This article was first published on Medium.
This post describes how I passed the Java SE 8 Programmer I exam.
Why take the exam
Opinions differ on how useful it is to pass this exam. It certainly isn’t easy. You’ll need to know quite a lot about Java syntax, and what the compiler will or will not allow you to do. However, it does not teach you to be a good Java programmer; you don’t have to write any actual code, and the code examples provided are definitely not clean code. They might even be anti-patterns.
When I took the exam, there was only one study guide available for Java 8:
Overall, this guide was very helpful. It covers what you need to know, and provides practice questions at the end of each chapter, as well as several practice exams (which are also accessible online). It also provides great tips on how to pass the exam. The best tip for me was: for each question, if one of the options is “does not compile”, check if the code example will compile before looking at any of the other answers.
Personally, I found the book very helpful. Although some topics weren’t quite clear enough for me, and I did end up googling additional information.
In the mean time, other guides have become available. Since I didn’t use them, I can’t comment on their quality. I might try the guide by Mala Gupta, as I found her Java 7 version to be quite concise (which is helpful if you need to know exactly what will or won’t compile).
Another thing I did was write lots of code snippets to figure out some details; this way you see exactly what will compile or not, and what the result will be. It will help you find some common mistakes everyone makes when first starting out (missing semi-colons and brackets, etc.). And running code with a debugger will help you understand better what’s going on.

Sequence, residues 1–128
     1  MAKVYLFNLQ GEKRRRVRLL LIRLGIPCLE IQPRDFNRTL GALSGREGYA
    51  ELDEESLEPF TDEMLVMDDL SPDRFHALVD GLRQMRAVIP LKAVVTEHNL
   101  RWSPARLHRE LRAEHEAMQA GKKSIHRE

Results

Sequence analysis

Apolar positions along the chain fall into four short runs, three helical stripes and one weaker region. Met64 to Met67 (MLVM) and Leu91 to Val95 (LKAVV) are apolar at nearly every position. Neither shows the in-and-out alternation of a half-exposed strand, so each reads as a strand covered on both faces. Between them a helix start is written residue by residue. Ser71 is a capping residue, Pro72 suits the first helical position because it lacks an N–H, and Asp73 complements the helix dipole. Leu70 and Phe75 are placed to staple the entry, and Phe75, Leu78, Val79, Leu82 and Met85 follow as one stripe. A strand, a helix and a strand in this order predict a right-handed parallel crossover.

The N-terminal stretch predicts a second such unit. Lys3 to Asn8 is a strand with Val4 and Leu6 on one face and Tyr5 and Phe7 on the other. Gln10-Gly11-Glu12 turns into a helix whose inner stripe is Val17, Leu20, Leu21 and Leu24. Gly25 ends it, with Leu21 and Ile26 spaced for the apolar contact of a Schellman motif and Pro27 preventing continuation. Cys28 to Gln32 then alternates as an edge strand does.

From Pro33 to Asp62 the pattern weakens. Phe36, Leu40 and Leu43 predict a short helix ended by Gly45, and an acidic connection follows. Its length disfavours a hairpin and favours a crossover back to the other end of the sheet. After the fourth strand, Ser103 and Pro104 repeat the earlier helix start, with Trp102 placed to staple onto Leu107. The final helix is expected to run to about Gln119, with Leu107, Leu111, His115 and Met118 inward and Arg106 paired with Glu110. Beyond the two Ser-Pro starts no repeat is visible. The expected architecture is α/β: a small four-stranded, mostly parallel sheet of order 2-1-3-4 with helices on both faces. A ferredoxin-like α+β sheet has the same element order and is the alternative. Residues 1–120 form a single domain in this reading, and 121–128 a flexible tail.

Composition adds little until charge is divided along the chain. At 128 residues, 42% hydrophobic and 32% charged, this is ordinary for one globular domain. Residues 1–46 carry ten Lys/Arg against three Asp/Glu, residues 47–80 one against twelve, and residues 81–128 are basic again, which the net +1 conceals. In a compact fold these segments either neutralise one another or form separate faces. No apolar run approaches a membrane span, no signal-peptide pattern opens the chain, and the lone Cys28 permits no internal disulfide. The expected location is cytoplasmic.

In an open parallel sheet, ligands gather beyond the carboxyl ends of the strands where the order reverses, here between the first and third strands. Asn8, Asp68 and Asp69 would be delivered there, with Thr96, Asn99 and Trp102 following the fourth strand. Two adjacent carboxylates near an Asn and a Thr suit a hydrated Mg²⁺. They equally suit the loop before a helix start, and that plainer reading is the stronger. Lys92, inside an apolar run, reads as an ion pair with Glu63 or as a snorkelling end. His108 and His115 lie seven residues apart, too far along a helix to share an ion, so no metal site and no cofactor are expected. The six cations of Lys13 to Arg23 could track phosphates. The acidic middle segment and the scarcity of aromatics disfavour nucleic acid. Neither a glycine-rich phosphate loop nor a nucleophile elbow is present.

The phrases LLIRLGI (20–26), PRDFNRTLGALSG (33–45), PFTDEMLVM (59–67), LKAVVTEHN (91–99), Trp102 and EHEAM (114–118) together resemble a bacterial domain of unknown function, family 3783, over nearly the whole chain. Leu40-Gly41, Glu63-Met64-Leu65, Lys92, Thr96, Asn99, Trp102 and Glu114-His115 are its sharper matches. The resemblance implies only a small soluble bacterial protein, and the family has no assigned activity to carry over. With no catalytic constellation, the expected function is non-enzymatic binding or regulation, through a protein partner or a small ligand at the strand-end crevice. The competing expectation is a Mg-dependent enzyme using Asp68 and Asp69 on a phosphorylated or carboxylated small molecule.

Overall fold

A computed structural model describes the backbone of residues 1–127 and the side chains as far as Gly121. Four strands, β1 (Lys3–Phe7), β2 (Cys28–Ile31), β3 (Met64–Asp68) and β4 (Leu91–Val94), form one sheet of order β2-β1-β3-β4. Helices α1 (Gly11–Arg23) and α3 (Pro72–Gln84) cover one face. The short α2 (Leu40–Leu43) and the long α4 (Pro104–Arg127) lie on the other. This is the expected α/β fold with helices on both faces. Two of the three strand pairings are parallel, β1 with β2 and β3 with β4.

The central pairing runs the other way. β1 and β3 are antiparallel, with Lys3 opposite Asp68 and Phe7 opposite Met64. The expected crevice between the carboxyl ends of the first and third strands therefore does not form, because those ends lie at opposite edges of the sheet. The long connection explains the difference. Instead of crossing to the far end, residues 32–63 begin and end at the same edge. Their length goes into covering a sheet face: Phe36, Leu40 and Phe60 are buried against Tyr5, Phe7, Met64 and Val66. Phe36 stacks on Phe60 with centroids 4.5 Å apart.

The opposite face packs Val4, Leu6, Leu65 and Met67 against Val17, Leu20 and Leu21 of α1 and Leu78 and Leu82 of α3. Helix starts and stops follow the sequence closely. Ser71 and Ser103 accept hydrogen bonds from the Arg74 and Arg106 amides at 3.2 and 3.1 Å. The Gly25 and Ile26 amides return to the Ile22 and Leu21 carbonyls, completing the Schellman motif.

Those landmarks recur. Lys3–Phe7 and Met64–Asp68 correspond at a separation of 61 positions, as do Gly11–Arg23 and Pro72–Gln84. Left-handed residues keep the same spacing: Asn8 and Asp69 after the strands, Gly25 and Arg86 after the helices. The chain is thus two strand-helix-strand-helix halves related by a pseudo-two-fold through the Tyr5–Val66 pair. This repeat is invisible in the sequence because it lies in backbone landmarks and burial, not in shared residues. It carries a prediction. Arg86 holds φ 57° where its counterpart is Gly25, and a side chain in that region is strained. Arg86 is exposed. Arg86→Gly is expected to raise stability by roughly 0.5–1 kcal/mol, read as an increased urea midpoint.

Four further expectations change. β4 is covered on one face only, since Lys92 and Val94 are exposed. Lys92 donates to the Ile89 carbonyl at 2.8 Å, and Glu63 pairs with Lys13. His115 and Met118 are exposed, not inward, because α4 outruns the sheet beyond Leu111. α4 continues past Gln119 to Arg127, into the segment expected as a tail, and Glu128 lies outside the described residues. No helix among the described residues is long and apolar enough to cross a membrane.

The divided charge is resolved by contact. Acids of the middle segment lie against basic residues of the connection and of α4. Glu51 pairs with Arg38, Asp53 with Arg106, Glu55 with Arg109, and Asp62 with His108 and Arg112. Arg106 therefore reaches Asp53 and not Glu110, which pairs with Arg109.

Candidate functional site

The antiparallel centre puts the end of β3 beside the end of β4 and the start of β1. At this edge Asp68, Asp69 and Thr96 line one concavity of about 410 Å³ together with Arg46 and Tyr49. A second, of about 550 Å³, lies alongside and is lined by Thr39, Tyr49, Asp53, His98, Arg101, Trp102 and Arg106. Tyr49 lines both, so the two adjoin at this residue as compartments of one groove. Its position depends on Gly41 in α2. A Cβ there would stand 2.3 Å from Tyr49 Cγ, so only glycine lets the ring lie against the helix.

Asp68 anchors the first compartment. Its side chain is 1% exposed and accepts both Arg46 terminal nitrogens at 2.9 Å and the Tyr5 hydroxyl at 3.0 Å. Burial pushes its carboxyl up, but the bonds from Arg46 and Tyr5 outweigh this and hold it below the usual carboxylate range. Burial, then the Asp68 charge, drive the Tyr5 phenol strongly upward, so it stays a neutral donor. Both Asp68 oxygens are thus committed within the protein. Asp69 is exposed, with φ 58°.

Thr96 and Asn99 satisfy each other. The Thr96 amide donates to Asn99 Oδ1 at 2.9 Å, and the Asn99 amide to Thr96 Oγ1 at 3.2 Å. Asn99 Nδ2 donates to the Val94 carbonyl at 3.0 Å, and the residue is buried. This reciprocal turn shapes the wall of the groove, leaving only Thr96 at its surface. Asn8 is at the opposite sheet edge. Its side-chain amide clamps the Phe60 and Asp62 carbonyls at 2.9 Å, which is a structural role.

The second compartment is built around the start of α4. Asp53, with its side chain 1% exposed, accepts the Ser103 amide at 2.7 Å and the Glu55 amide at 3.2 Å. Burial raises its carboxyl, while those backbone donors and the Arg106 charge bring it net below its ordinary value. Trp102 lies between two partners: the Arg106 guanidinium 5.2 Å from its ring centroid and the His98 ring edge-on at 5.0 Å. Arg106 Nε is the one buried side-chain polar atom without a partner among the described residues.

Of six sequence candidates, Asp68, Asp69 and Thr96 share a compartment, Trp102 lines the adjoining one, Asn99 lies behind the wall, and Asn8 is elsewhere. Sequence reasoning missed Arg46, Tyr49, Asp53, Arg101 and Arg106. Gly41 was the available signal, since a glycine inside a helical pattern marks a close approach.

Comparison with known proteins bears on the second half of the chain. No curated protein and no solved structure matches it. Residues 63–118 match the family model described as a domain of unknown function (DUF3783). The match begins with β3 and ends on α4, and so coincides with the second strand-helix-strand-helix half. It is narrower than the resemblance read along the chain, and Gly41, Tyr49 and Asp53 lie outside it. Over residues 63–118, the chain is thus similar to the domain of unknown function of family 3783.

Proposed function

Apart from studying the exam topics, both by reading and trying out code, I found practice exams essential. Practice taking the exam as much as you can! Any exam guide will likely offer one or more practice exams. In addition, you can buy more mock exams.
In my case, I bought exams from Enthuware, which are good quality and not very expensive. They helped me learn the how to answer the types of questions you might expect on the exam, as well as to manage my time. (Pro tip: mark questions you’re not sure of and come back to them later. Do answer them; an answer that may or may not be correct, is better than no answer which is sure to be incorrect).
In addition, it showed me which areas were my weakest. Then, I would research those topics some more and clear up any confusion I had before doing another mock exam. Once I was consistently passed the mock exams, I also passed the actual exam.
Because my employer at the time paid for it, I also did a course at Oracle. This one week course covers all of the topics, with some exercises. It is useful to have an instructor to help explain things to you. If you don’t take the course, you might have to ask friends or coworkers. In my opinion, doing more mock exams (even if you pay for them yourself) is better value for money. But if your employer is willing to pay for the course, it can’t hurt.
If you want to pass the exam, it will take some work. Don’t just read a book, but practice; both with code and with mock exams.
The exam is not easy and therefore does show that you have a firm grasp of the language. However, it doesn’t show that you are able to use it well. For that, you’ll need actual experience.